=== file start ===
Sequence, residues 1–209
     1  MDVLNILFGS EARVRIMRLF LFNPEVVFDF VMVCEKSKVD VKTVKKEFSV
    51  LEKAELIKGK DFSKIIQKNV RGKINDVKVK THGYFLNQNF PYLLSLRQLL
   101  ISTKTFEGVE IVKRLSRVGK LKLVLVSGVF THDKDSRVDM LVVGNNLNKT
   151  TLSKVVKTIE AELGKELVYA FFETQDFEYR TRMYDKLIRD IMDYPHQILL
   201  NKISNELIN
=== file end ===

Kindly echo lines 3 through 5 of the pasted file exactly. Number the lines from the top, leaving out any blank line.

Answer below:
    51  LEKAELIKGK DFSKIIQKNV RGKINDVKVK THGYFLNQNF PYLLSLRQLL
   101  ISTKTFEGVE IVKRLSRVGK LKLVLVSGVF THDKDSRVDM LVVGNNLNKT
   151  TLSKVVKTIE AELGKELVYA FFETQDFEYR TRMYDKLIRD IMDYPHQILL